Circa 1955, a woman out walking near her rural village in Sonora, Mexico (the find site for Arispe) noticed an unusual iron-like rock weighing nearly 61 pounds. She gave the rock to her grandson who eventually moved to San Antonio, Texas, keeping the rock with him as a curiosity. Many years later, the grandson’s
friend, Tim Eidson, noticed the rock and purchased it from the grandson, thinking it might possibly be a meteorite. He was correct. As an exact find location had not been noted, the new iron was originally named Nova 057 and—after donating a small piece that Tim and his friend Pete Rios had removed—the specimen was initially and incorrectly classified as a common IIAB iron. Subsequently, the Eidson Iron was studied by three prominent meteorite academics, including the late Dr. John Wasson at UCLA, and was reclassified as an extremely rare IC iron. There are only eleven known IC irons in all of meteorite science. Arispe is one of those eleven and, after further work was carried out, a determination was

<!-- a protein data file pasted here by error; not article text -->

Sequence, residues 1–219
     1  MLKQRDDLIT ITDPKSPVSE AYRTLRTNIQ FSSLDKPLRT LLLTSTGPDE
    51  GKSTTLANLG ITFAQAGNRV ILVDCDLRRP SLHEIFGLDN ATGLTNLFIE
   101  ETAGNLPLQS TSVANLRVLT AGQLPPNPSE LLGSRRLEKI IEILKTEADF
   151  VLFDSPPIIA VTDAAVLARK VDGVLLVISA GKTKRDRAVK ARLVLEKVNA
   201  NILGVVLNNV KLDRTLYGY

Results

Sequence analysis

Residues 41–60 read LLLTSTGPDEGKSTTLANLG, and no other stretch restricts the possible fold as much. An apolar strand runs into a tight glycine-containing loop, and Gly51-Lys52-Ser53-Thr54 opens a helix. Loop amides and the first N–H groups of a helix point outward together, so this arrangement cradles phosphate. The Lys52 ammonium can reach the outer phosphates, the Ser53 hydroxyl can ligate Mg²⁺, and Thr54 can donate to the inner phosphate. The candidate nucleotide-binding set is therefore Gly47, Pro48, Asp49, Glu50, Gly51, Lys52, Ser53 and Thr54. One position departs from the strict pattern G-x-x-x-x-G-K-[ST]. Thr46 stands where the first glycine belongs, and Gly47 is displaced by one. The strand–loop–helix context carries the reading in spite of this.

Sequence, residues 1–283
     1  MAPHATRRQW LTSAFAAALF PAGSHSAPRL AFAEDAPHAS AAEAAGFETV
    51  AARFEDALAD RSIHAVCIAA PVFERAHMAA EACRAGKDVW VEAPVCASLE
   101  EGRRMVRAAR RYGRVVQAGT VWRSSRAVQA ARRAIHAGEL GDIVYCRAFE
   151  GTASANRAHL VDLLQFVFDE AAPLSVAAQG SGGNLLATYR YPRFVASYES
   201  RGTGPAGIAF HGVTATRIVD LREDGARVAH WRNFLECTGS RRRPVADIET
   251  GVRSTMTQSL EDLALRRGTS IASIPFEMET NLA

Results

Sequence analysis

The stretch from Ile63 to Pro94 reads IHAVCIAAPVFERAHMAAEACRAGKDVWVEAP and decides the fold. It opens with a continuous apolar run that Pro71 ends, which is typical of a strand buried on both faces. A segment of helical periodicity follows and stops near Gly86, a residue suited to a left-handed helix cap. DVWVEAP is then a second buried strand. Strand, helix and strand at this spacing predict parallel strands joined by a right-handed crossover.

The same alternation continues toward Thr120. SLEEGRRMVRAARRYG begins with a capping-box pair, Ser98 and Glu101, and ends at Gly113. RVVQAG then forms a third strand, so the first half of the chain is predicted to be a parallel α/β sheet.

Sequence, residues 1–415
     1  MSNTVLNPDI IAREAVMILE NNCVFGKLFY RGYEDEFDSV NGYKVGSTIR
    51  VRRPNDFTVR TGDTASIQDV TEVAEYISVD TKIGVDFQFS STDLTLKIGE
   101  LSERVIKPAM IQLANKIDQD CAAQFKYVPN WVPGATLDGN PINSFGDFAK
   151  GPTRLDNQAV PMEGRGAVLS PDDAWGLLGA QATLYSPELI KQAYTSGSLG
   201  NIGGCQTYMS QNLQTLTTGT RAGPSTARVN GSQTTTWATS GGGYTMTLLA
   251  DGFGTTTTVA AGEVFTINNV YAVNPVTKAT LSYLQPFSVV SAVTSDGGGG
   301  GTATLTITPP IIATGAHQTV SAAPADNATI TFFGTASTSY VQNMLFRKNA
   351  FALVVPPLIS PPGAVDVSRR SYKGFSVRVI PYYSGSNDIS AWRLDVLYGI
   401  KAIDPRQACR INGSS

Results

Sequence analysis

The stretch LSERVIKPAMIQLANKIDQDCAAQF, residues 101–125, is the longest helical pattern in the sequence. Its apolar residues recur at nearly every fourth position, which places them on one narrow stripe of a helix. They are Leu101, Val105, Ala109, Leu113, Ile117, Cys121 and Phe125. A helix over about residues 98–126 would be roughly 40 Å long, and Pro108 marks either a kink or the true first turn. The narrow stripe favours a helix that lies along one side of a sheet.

made by meteoriticists the Eidson Iron is “indistinguishable from Arispe.”
We have no reservation in offering these beautiful etched slices as Arispe. The extremely rare type, expert inspection of the meteorite, measurement of the bandwidth, plus the find site all point to these slices being newly-available examples of the extremely-difficult-to-acquire historic Arispe. We await an update to the Meteoritical Bulletin reflecting this new classification.